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This splendid work captures King Crazy Oliver Steck during a vaudeville performance of the famous “Happy Clown Serenade” at the Ritz-Carlton Hotel in 1916. King Steck advises that he practices this routine daily for its benefits to concentration, balance, and motor control. The Eleanor H. Millbea estate informs Aunt Ruby’s Sweet Jazz Babies that this figurine of King Crazy Oliver Steck was Ms. Millbea’s personal favorite. ARSJB This delightful interpretation of Professor Joseph Cordi conducting the London Symphony in 1920 was the last sculpted work of Hans Olegard. In it, one sees the radiant confidence of Professor Cordi before his triumphant critically acclaimed presentation of Puccini’s La Boheme.

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Lord Mondegreen was very impressed by the perceptiveness and insight of Hans Olegard during Lord Mondegreen’s performance with the Babies in a New Orleans street parade in 1905. It is said that the sculptor retained the memory of Lord Mondegreen’s performance for over twenty five years before creating his first sketch of this legendary musician. Learn more about Lord Mondegreen at the website Austin Traditional Jazz Society. ARSJB Hans Olegard captured a joyous Professor Cordi during the Babies 1918 concert of “Ragtime and Cakewalk Favorites” in Savannah, Georgia. In the “Cakewalk Parade” uniform commonly used by the Babies during this period, one can see the intricate woven patterns created for the Babies by the Fourth Ward Fabric Maidens of New Orleans, who are also the Queen of England’s preferred troupe of seamstresses.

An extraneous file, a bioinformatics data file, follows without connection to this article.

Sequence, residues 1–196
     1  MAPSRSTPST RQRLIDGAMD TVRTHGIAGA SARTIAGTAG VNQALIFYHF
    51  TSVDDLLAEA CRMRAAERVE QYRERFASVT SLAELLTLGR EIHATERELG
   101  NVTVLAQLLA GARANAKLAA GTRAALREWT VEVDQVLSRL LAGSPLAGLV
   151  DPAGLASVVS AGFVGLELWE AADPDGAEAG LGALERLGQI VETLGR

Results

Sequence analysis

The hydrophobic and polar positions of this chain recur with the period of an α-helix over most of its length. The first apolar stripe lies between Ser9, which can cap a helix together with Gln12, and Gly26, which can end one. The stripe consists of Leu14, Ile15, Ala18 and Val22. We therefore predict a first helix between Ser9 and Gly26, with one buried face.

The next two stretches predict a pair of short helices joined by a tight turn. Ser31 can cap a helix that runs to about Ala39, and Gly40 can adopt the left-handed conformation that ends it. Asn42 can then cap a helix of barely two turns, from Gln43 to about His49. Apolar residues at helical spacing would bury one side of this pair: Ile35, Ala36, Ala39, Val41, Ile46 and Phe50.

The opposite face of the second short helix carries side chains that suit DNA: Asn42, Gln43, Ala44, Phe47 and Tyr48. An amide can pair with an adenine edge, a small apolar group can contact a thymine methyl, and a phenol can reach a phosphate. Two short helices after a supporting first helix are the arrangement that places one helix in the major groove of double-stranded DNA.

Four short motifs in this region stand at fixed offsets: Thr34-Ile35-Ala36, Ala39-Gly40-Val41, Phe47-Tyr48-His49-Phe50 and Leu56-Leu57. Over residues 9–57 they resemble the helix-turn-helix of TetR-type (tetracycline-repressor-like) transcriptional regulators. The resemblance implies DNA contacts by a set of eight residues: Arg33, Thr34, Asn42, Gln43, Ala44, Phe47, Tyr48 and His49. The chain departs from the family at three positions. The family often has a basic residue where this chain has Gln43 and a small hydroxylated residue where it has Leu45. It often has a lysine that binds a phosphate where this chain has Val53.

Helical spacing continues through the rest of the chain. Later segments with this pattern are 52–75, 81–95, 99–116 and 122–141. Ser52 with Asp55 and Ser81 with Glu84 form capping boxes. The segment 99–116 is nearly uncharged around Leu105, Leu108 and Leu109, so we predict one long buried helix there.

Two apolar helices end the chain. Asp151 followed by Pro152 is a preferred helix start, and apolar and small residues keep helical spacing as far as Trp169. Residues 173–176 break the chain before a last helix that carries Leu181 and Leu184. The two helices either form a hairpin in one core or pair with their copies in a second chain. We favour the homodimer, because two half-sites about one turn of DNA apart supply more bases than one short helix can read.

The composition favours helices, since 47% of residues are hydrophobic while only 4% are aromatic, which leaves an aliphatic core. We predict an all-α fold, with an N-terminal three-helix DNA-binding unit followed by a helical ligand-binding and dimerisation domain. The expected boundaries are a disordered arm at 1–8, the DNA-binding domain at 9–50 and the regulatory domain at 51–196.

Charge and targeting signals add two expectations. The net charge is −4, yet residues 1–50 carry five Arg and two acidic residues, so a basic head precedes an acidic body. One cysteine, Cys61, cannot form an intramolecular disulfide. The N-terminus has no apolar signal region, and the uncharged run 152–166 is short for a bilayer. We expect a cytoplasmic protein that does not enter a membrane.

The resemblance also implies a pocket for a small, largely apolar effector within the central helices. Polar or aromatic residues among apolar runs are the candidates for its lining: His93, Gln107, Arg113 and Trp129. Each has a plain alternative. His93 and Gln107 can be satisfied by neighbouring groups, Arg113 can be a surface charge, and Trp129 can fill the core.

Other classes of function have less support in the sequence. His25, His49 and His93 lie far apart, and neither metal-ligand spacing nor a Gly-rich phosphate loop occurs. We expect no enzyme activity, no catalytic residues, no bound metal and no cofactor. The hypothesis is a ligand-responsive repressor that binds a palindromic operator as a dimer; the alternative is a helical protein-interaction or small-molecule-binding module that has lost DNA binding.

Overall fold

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In this elegant figurine, Hans Olegard presents the complex combination of charisma, charm, and wit that abounds in the international playboy and jewel thief, Stanley Steamer Smith, a regular guest Baby. This sculpture, which is rich with Stanley’s natural masculinity, has been censored from public view for several decades due to its immediate and irrevocable influence over women that gazed upon it. It is said that once a woman viewed the figurine in person, she developed the so-called “Steamer” complex. The Steamer complex, which only affects females, has multiple symptoms that include an elevated heart rate, elevated body temperature, elevated breathing rate, compulsive smiling, and the loss of rational thought process. Some women experience this complex upon only hearing Mr. Smith play music. Stanley is a world renown clarinetist and vocalist and the Babies are proud to have him as their friend.   Learn more about this amazing musician at the website Stanley Smith Music.